Holistic therapy is the new psychological buzz word. It’s what the online casino is to gaming; a neat structured package comprising divergent treatment protocols rather than cross-genre casino games. The idea behind holistic therapy is couched in a triumvirate of healing focussing on mind, body and soul. It’s a treatment technique that understands the interconnection between the physical, mental, emotional and spiritual in the pursuit of overall health and well-being.
Therapy for the Entire Person
There is a growing realisation that mental and emotional problems can be triggered by deficits in the physical realm. A poor body image, for instance, can lead to low self-esteem, deep seated depression and even suicidal thoughts. Similarly, many mental issues can be traced to a spiritual disconnect or a feeling of isolation from the universe.
Treating the symptoms with traditional methods like anti-depressants and cosy chats on the couch may work in some instances… but they do not address the underlying cause of the mental and emotional anguish. This is where holistic therapy steps in.
Designed to Deal with the Complex Human
These days, therapists and counsellors are more cognisant of our innate complexity. They realise a multipronged approach to healing – which strengthens and supports all aspects of a patient – delivers the best results. Fixating on just one component and treatment technique may have short term benefits but to put a person back together again into one happy, healthy and functioning individual takes a host of different interventions.
Conventional and Alternative Treatment Techniques
As a result, practitioners are combining medical treatment protocols with alternative techniques such as meditation, yoga, prayer, reiki, hypnosis and acupuncture. They are also assessing the patient in his or her entirety in an effort to pinpoint the areas that could be contributing to the problem.
In addition to prescribing non-conventional treatment modes as outlined above, they are also offering dietary advice, discussing weight management goals and suggesting nutritional supplements that can, for example, promote hair growth in someone who is suffering from severe depression because they are going prematurely bald.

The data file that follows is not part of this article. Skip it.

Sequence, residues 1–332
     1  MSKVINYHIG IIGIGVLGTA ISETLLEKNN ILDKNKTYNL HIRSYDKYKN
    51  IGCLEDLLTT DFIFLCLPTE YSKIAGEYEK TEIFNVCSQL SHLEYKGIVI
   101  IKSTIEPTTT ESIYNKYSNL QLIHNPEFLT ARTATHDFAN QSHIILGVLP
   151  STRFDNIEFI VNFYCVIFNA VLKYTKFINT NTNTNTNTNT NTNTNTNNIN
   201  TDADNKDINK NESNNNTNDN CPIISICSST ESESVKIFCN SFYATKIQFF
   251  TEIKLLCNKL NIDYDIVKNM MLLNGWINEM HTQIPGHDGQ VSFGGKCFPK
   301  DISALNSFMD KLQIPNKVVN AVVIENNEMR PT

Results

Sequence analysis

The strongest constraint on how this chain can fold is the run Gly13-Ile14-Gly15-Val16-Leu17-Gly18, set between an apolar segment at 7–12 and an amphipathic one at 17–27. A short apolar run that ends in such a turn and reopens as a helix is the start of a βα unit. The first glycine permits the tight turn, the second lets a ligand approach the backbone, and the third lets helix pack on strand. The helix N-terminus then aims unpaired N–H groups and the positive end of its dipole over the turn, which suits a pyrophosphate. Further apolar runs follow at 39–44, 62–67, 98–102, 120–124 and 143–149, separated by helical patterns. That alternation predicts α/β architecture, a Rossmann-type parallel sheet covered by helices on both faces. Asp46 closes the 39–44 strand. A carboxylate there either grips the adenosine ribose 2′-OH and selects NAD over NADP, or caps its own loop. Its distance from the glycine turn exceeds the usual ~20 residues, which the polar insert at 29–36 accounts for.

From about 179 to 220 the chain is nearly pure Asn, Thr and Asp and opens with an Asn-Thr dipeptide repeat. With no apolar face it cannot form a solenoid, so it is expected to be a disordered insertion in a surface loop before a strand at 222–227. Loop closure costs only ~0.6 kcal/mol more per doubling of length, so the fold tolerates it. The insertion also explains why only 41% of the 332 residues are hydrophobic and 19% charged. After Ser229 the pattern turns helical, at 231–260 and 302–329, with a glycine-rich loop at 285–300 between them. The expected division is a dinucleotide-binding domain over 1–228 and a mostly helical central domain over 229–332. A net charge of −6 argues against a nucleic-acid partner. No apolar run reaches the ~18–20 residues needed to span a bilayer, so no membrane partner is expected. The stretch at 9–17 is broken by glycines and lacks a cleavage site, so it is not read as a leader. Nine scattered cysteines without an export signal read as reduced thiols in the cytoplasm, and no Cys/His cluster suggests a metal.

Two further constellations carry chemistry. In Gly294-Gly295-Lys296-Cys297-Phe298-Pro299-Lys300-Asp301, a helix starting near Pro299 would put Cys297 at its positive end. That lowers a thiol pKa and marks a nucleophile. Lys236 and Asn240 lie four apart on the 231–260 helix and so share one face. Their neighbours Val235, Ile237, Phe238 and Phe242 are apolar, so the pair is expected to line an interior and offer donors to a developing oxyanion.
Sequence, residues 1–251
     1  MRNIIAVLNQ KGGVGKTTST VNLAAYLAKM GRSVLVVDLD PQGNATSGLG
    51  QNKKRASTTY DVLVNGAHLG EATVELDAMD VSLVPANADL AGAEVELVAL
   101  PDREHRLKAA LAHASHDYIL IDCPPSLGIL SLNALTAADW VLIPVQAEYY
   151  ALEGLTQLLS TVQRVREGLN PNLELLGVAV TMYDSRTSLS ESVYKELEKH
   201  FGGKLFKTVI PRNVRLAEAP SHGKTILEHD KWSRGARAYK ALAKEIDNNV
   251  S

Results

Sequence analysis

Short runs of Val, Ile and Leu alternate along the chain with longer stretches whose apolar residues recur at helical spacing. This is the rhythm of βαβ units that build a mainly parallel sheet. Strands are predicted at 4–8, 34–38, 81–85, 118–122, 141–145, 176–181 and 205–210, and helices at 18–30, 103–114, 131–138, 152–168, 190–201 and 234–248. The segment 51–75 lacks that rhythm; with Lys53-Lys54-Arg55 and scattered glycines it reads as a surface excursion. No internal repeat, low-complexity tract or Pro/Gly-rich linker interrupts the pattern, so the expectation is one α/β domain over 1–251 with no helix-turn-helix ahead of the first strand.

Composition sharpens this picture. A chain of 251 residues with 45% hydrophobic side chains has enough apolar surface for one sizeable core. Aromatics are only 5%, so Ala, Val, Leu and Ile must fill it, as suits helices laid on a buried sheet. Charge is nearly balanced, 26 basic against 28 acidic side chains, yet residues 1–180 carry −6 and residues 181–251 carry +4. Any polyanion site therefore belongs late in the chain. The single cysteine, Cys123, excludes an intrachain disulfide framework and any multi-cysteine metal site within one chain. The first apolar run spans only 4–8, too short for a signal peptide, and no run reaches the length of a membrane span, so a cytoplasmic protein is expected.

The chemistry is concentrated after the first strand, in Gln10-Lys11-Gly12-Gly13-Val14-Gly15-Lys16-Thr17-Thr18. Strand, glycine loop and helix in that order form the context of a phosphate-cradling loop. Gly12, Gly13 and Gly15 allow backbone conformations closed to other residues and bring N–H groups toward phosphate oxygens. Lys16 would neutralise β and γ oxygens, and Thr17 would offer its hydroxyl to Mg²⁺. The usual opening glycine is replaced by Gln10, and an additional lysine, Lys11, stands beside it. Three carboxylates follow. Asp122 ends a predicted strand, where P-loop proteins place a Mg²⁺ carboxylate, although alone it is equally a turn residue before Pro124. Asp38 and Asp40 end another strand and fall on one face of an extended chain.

Encouraging patients to focus on the normal things in life like exercising regularly and getting sufficient sleep is also on the holistic therapists’ radar. So too is the way in which they interact with colleagues, family and friends. A person who feels alienated from others is more likely to suffer from anxiety and stress which, in turn, can trigger all sorts of physical and mental disorders.
The Human Spirit Drives the Healing Process
The spiritual aspect of therapy is as important as all the other treatment parts. We are now fully aware that the human spirit is intimately involved in the healing process. Recent studies have shown that spiritual people with a strong sense of their place in the universe are less likely to suffer from depression, anxiety, suicidal thoughts and substance abuse.
They experience an enhanced quality of life and when they do have mental or emotional issues, they exhibit a much faster remission from depression and enjoy maximised psychiatric outcomes. In essence, spiritual folk are far better equipped to handle adversity on every level.
What this means is that for therapy to be optimally successful, there has to be a concerted focus on the spirituality, or lack thereof, of a patient. It is after all linked to a person’s pursuit of inner happiness.
With spirituality as a core element, holistic therapy can help a patient better understand the spiritual self and the role it plays in just about every aspect of life, from personal relationships to quality of life. A strong belief system can and does strengthen a person’s ability to deal with psychological and mental issues, both in themselves and in others.
Spiritual Treatment Techniques
Along with meditation and prayer, therapists are locking into spiritual journaling, forgiveness interventions and the use of faith-based or spiritual texts to heal and reinforce appropriate and healthy emotional and mental behaviour.
The idea is to generate a sense of hope and meaning in a patient, while highlighting the immense support the universe can and does provide. With the backing of a greater being or life force, people with problems are able to better cope with their situation and are more positive about the therapeutic outcome.
The shift toward spirituality as a key component in therapy is driven by the need for men and women who are experiencing mental and emotional pain to integrate mindful meditation, yoga and/or prayer into their self-care regimen.
It is just one piece in the puzzle that aims to treat and heal the soul. When used in tandem with conventional and alternative treatment protocols that include music therapy, art therapy and communing with nature, the probability of the patient attaining a serene and purposeful life state is that much higher.
Should Spirituality Be Part of Holistic Therapy?
Most therapists are fully behind integrating the spiritual component into their treatment protocol but there are a few who are dead against it. Their reasoning? They believe therapists may be inclined to force their belief system or religion onto their patients. This is obviously something that has to be guarded against.
Another problem is that there is limited formal training focussing on spiritual therapy. This of course can be easily remedied by adding dedicated modules to the college curricula… and we’re sure that will happen sooner rather than later.